The 5-year survival rate is only 15-20%? That means there's an 80-85% chance I'll be dead before I turn 40? Is that why Dr. L didn't want me to read about SCCC? I immediately disregarded all of the warnings and went straight to Google to type in "small cell neuroendocrine carcinoma of the cervix." Every website said a different form of the same thing, "Prognosis poor. Death likely." And, even worse, the survival rate for patients in stage IIb or higher was almost nonexistent.
I was stage IIb.
I was so hung up on the fact that I'd been staring death right in the eyes, without ever knowing it, that I missed the part about HPV not being linked to SCCC/LCCC. Once I'd calmed down a bit, I went back to read the facts in the video again. Wait, SCCC and LCCC aren't linked to HPV? But my gynecologist said all cervical cancer was caused by HPV. I think I'd read that online as well. The information in the video must be wrong. Luckily I had an appointment with Dr. L that day and I planned on asking him directly.
The filmmaker arrived at my house in time to go with me to my appointment at the cancer center because he wanted to be there to film the results of my 6-month, post-treatment scan for the cervical cancer documentary. Unfortunately, we couldn't get permission quickly enough for him to film inside the building, but he had no problem waiting for me outside. On the car ride over, Jimmi drove and I was interviewed on camera. I couldn't wait to spill the big news. Not all cervical cancer is caused by HPV so not all cervical cancer is preventable! I knew this information was huge and so important for all women to hear. I was so lucky to have this documentary as a platform to get the word out to so many people at once! A negative HPV test does NOT mean cervical cancer is impossible. I was gonna help save lives with this information! To my surprise, the filmmaker didn't seem as excited about this new and important data as I was. He urged me to double-check with my oncologist to make sure what I was reporting was actually accurate. I planned on doing so.
Upon arrival at the cancer center, Jimmi and I left the filmmaker outside to wait for us while we met with Dr. L. "Your scan was clear!" announced the doctor, almost as surprised as I was that I was still cancer-free. "I Googled small cell," I confessed. He could see by the look on my face that I knew all the grim facts about my chance of survival. But I had more important things to talk about, "Is it true small cell isn't caused by HPV?" I asked. Dr. L was frank with me, "We can't find a definite link. We know for sure that the regular cervical cancers, squamous cell, adenocarcinoma and adenosquamous, are one-hundred percent caused by HPV, but not small and large cell. We really don't know what causes those." I still had questions, "But I had HPV." Dr. L nodded, "Yeah, it was just a coincidence. Honestly, most adults have HPV at some point or another and may not even know it. It's in something like eighty percent of the population. Chances are, if you've had sex, you'll have HPV in your lifetime. That doesn't mean you'll definitely get cancer. You just happened to have HPV and cancer at the same time, but your small cell was not caused by the HPV."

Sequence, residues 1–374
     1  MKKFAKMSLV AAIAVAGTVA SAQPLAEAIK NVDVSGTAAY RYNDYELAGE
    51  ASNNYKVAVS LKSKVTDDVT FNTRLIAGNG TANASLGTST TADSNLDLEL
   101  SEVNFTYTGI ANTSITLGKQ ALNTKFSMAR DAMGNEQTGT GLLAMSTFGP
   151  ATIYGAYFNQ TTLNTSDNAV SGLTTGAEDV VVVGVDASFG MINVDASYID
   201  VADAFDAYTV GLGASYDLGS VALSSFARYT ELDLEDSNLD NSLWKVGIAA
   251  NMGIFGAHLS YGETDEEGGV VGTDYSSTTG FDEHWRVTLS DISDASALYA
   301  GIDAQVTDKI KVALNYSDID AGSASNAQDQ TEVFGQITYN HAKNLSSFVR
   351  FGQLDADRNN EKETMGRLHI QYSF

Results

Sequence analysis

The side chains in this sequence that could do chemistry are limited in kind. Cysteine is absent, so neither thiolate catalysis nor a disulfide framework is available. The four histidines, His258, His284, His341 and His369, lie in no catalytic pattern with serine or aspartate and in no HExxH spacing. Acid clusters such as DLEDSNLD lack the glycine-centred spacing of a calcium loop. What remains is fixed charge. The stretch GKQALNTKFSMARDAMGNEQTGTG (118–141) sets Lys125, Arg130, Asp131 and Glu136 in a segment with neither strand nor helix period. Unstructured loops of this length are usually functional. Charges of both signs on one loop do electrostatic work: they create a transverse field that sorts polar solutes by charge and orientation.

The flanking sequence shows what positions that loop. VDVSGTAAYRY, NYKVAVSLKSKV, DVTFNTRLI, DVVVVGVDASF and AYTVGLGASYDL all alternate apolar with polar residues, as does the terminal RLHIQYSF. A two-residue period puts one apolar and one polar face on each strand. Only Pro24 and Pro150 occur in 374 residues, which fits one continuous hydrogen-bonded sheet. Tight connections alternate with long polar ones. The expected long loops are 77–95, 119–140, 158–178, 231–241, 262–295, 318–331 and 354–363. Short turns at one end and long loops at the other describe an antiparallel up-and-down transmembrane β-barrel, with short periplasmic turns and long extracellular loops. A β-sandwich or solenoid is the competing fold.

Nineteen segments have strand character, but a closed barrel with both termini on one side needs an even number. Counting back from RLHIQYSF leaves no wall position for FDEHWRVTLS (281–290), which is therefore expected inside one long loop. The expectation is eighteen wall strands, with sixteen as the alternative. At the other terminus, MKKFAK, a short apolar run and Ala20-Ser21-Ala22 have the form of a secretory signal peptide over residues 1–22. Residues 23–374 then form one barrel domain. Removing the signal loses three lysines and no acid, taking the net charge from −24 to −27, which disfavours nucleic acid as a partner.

I couldn't wait to tell the filmmaker! This was gonna blow his documentary out of the water and help to disseminate the correct information to so many women!
The camera was rolling as I exited the building. My giant smile already told him what was about to come out of my mouth, "Clear scan!" I announced. "And," I went on, "small cell is NOT caused by HPV! Not all cervical cancer is caused by HPV so it's not all preventable." Again the filmmaker's face reflected disappointment and I couldn't imagine why.
A few days later, I got my answer.
"Hi Suzanne, it's F." This didn't sound positive. "So, I was discussing your new information with the producers of the documentary and we have a small problem." I listened. "You see, the producers are the manufacturers of the HPV vaccine and they are funding this project. Since your cancer isn't directly linked to HPV, it really doesn't fit the message of the video so they've asked me to let you know we won't be needing you anymore." For real? "They're cutting me out?" I asked. He replied, "Unfortunately, yes. It's just that, since your cancer couldn't have been prevented by their drug, your story really doesn't fit." I was livid, "I understand that, but don't you think women have the right to know that there are different types of cervical cancers they can get without HPV? You can help me get the word out. We can save lives!" He tried to ease the blow, "Yes, I think you have a good point. I think your story needs to be told and I plan on making a totally separate video with you and anyone else you know with small or large cell. You could really help a lot of women. I'll be in touch."
That was January of 2012. That was the last time I heard from the filmmaker.
And here we are, two years later, with two more Cervical Cancer Awareness Months that have been promoting only HALF of the awareness women need. I don't understand why it's so difficult for the correct information to reach the public. Don't believe me? Go online and read. The National Cervical Cancer Coalition says, "HPV is found in about 99% of cervical cancers." The Centers for Disease Control says, "Almost all cervical cancer is caused by HPV." These are reputable sources for medical information. I know I've never been good at math but, as far I can tell, if "HPV is found in 99% of cervical cancers," that leaves another 1% where it is NOT found, right? On the other hand, I am very confident in my verbal strengths and I know for a fact that "Almost all cervical cancer is caused by HPV" does not actually mean all cervical cancer is definitely caused by HPV.
Do the math, my friends. Read the words. Educate yourselves. Educate others. Pay attention to your bodies. Whether you've heard the words, "You have HPV" or not, if something doesn't feel right, it probably isn't.
Please share this post anywhere you can. Help save lives.